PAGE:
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COMMONWEALTH PENNSYLVANIA v. RICHARD PATRICK JOHNSON (03/31/83)

SUPERIOR COURT OF PENNSYLVANIA


filed: March 31, 1983.

COMMONWEALTH OF PENNSYLVANIA
v.
RICHARD PATRICK JOHNSON, APPELLANT

No. 2253 PHILADELPHIA, 1980, Appeal from the Judgment of Sentence of the Court of Common Pleas, Criminal Division, of Bucks County, No. 3043 of 1977.

COUNSEL

Arthur R. Sagoskin, Bristol, for appellant.

William F. Merz, Assistant District Attorney, Doylestown, for appellee.

Hester, Wickersham and Popovich, JJ. Popovich, J., concurs in the result.

Author: Hester

[ 312 Pa. Super. Page 487]

This is an appeal taken from a judgment of sentence entered by the Court of Common Pleas of Bucks County on October 3, 1980. Appellant, Richard P. Johnson, was found guilty by a jury of various counts of possession of a controlled substance, rape, involuntary deviate sexual intercourse,

[ 312 Pa. Super. Page 488]

    aggravated assault, simple assault, indecent assault, theft and criminal conspiracy. Appellant was sentenced to concurrent terms of total confinement of not less than five (5) nor more than twelve (12) years in a State Correctional Institution on two counts of rape and two counts of involuntary deviate sexual intercourse; sentence was suspended on the remaining charges of the information. Motions in arrest of judgment and new trial were denied.

The charges stemmed from a repugnant and extenuating ordeal involving one victim and three co-defendants from October 30, 1977, through November 2, 1977. On October 30, 1977, the victim, Betty Jane Vaughan, was living with her mother at 14 Elmer Street, Warminster, Pennsylvania. At approximately 9:30 a.m., Betty Jane's brother, John Graveley, arrived at his mother's residence and asked the victim for gasoline money. In return for receiving the cash, Graveley agreed to take the victim apartment hunting.

As the victim entered the automobile transporting her brother, she discovered appellant and Barbara Graveley waiting inside. Appellant was occupying the driver's seat; the victim took the front passenger seat beside him and John and Barbara Graveley sat in the rear seat. The three co-defendants were related. John Graveley was married to Barbara Graveley and Barbara was appellant's sister.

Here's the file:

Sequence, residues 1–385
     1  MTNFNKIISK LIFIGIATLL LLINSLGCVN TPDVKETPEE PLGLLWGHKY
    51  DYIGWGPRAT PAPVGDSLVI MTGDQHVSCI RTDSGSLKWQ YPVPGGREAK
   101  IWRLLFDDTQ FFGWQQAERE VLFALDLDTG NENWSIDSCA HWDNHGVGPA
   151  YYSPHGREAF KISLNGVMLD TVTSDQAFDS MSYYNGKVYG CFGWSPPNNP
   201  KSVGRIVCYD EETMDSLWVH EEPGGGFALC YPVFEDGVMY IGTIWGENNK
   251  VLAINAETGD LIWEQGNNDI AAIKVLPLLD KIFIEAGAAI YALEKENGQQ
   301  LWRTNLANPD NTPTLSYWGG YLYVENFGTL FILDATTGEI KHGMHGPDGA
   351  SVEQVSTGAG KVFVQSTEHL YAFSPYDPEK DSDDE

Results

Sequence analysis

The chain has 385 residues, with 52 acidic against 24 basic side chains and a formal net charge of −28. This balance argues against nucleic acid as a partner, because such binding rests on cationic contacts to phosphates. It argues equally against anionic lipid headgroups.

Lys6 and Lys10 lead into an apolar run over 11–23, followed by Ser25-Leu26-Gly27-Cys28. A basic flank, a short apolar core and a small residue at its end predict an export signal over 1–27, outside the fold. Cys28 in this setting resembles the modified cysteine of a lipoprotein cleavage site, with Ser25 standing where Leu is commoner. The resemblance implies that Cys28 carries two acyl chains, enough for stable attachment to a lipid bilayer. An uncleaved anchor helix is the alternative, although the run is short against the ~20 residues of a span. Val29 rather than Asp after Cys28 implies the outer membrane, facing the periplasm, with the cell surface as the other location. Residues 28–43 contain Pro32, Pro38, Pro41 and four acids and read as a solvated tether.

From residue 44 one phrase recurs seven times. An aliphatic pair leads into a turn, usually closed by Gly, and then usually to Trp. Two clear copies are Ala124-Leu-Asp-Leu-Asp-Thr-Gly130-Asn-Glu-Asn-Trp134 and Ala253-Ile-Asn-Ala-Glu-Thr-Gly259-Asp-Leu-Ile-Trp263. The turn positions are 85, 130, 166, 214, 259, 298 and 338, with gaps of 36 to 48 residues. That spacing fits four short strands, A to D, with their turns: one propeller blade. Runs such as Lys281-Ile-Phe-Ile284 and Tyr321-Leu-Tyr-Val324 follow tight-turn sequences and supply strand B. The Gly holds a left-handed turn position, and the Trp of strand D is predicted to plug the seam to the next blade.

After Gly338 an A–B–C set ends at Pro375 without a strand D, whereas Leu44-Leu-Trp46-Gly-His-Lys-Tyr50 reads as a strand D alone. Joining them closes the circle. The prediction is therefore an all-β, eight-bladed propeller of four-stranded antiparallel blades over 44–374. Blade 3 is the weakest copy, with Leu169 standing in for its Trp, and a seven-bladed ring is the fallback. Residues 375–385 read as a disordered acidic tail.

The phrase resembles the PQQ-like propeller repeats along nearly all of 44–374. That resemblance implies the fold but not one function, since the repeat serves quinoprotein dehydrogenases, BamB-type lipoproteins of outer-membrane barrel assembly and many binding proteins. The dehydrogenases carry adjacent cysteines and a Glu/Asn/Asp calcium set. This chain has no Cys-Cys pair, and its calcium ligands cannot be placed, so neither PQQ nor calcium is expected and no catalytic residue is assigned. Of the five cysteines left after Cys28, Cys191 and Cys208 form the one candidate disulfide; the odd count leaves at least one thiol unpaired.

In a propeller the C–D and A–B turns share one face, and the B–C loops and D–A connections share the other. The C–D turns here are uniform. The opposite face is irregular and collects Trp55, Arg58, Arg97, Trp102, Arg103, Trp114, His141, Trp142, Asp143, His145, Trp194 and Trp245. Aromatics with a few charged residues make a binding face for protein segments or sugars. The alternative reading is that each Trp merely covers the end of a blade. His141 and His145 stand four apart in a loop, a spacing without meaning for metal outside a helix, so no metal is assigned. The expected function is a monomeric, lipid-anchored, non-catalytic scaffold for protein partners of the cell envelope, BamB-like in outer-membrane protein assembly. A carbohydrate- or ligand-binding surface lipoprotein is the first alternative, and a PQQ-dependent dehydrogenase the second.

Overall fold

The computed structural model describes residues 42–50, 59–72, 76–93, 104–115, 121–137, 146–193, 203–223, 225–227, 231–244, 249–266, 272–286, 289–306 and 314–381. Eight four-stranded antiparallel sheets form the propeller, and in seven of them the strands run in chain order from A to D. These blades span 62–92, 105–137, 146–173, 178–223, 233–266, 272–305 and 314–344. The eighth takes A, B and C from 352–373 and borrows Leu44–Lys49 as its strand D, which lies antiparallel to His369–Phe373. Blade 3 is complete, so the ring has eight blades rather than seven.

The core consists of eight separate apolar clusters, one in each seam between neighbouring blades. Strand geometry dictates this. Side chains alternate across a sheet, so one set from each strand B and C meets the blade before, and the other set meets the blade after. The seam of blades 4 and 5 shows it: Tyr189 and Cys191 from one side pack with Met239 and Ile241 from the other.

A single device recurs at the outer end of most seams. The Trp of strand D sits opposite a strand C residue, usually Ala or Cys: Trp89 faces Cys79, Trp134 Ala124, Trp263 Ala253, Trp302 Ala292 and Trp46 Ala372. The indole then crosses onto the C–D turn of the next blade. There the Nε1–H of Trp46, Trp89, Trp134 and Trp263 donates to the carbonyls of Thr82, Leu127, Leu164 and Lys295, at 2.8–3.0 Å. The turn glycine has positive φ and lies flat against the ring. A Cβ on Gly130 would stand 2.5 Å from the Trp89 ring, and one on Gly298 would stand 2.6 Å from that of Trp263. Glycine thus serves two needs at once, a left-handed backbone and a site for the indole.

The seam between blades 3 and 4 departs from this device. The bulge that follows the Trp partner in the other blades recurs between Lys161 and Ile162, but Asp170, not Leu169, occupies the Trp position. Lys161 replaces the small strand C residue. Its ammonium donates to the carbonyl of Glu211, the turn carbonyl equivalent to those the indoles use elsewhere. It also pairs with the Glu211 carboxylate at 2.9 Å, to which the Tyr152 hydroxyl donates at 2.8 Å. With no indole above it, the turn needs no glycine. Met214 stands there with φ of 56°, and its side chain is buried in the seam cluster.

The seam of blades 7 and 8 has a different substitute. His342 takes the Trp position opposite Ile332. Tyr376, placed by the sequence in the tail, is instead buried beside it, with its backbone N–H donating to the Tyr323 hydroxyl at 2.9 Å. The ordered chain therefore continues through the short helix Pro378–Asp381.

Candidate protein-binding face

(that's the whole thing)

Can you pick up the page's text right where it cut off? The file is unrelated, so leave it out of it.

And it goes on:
The victim entered the automobile with a purse containing, inter alia, prescribed valium. When she removed the vial from her purse so that she could ingest one of her daily prescribed allotments, John wrested the valium pills from her grasp and generously distributed them to himself, appellant and Mrs. Graveley. Appellant compelled the victim to swallow three more valium pills. Shortly thereafter, the victim became confused and disoriented, a mental condition in which she remained for four days due to co-defendants' forcible injection of narcotics into her.

Instead of finding an apartment for Mrs. Vaughan alone, co-defendants drove the automobile for hours in the Philadelphia area in search of either an apartment or motel room for the four people to reside. Following an unsuccessful

[ 312 Pa. Super. Page 489]

    bid to locate an apartment, Mrs. Vaughan was compelled to approach the registration desk of the Willow Grove Motel Lodge in Willow Grove, Pennsylvania, pose as appellant's wife and pay for one day's lodging. Shortly thereafter, the foursome assembled in the motel room.

John and Barbara departed in order to purchase narcotics, while appellant and the victim remained behind in the motel. Appellant's request for sex with the victim was rejected; however, he persisted with force. He called Mrs. Vaughan his "bitch" and more crudely instructed her to submit to his sexual whims. The victim was frightened and succumbed to his demand to remove her clothing.

Upon entirely removing her clothing, appellant grabbed her shoulder-length hair and pulled her to the bed. She then became the unwilling object of vaginal, anal and oral intercourse.

When John and Barbara returned with a "tannish powder" in a "cellophane bag", they directed the victim to sit on the commode. Despite her resistance, the victim was unable to free herself from John's grasp and from the injection of heroin with a hypodermic needle into her forearm. During this narcotic injection, appellant continued to verbally abuse Mrs. Vaughan. This injection of drugs was forcibly inflicted upon her two or three times that day. Her resistance became weaker as the number of dosages increased.